People frequently lose and break their glasses (or contacts) in regular situations, but in a disaster setting there are many paths that lead to excess squinting and worse. In a medium or large scale disaster (storm or earthquake for example) victims can be isolated for three or more days, and local businesses and services may be closed for a week or more if utility or transportation interruptions occur. One hour glasses (or even just your eye doctor's office) may not be available for a week or more. But you can prepare for this sort of difficulty by keeping a second pair of glasses around. It's an easy affair. Here are a few ideas how.
- My own prescription changes just a small amount each year. I ask my optometrist if my old pair are a suitable back up pair. If he says yes, I put those in my go bag and I'm good to go.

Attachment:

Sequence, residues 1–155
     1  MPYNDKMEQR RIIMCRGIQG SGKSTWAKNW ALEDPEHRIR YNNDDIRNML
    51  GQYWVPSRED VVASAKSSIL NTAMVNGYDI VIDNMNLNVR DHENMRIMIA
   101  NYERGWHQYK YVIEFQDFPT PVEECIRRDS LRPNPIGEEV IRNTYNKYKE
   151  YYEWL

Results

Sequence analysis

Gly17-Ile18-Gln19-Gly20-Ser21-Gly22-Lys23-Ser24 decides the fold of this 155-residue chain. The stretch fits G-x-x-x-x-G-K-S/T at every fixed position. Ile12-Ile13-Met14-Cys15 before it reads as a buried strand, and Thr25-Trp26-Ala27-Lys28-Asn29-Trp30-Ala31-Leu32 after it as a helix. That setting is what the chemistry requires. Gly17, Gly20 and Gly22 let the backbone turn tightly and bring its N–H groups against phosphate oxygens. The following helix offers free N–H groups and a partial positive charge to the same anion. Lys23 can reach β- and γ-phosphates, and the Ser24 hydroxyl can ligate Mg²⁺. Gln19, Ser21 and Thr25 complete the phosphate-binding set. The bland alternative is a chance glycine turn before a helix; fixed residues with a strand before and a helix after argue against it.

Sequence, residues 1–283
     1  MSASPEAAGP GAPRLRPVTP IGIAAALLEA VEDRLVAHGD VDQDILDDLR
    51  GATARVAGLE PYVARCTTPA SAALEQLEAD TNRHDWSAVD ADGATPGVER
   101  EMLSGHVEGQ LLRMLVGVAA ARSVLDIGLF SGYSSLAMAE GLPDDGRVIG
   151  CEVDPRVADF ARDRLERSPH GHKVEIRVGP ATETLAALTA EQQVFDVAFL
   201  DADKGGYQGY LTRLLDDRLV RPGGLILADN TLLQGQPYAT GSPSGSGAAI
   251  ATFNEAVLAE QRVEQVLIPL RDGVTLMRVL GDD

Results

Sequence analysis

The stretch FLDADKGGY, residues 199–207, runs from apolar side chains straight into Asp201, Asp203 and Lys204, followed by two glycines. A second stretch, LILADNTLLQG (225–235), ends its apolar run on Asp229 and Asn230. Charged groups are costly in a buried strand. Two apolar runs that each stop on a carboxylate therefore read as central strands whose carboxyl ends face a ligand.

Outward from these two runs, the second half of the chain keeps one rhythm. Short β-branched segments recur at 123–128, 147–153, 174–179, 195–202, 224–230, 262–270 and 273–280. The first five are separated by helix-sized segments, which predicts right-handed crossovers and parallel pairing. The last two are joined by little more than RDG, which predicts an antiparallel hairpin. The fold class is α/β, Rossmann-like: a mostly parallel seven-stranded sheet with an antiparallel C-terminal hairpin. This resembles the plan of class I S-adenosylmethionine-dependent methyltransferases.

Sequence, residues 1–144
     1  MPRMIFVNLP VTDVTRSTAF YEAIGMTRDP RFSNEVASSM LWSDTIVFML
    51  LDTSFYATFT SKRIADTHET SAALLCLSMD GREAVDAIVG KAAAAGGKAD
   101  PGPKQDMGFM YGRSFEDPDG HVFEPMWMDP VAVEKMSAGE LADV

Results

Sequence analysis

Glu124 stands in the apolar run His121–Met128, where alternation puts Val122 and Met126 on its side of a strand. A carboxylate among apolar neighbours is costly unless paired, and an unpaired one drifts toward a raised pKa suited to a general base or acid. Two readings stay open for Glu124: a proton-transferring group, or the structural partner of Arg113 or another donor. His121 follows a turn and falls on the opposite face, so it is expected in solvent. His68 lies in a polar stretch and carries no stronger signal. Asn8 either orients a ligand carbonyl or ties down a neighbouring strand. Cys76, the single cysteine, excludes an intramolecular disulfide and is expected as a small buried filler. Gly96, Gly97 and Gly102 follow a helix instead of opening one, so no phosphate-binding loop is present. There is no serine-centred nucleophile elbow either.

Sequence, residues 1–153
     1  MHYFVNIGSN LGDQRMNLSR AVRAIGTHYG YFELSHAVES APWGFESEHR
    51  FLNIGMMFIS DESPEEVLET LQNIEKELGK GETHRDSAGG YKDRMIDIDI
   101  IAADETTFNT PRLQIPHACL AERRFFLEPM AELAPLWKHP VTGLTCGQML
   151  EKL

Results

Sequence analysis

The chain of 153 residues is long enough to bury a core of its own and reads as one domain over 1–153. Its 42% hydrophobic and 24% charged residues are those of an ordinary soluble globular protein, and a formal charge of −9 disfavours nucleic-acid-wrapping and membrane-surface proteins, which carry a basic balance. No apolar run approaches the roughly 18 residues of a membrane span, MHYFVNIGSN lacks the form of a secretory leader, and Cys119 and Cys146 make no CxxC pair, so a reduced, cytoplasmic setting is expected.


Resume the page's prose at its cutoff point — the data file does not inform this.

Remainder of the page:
- If my old frames or lenses are damaged or when my prescription jumps too much to use last years pair, I take advantage of a promotional price or replacement compromise. Last year's frames with new lenses. Last years lenses in replacement frames. Buy one, get one frames. Deeply discounted (possibly less aesthetic) clearance frames. Whatever works!
- You could also consider buying a second frame specifically for your go-bag, and then having the lenses replaced each year as needed. Go-bag frames might be selected to be more durable and impact resistant.
- Concerning contacts, my husband wears weekly disposables. If he intends to wear contacts in an emergency or evacuation scenario, we ought to set aside one or two pairs of contacts and ample contact care supplies. (We haven't, yet!) But I still believe that the spare glasses must be the primary back up. Smoke, dust, wind, fumes and injury might prohibit wearing contacts in an emergency situation.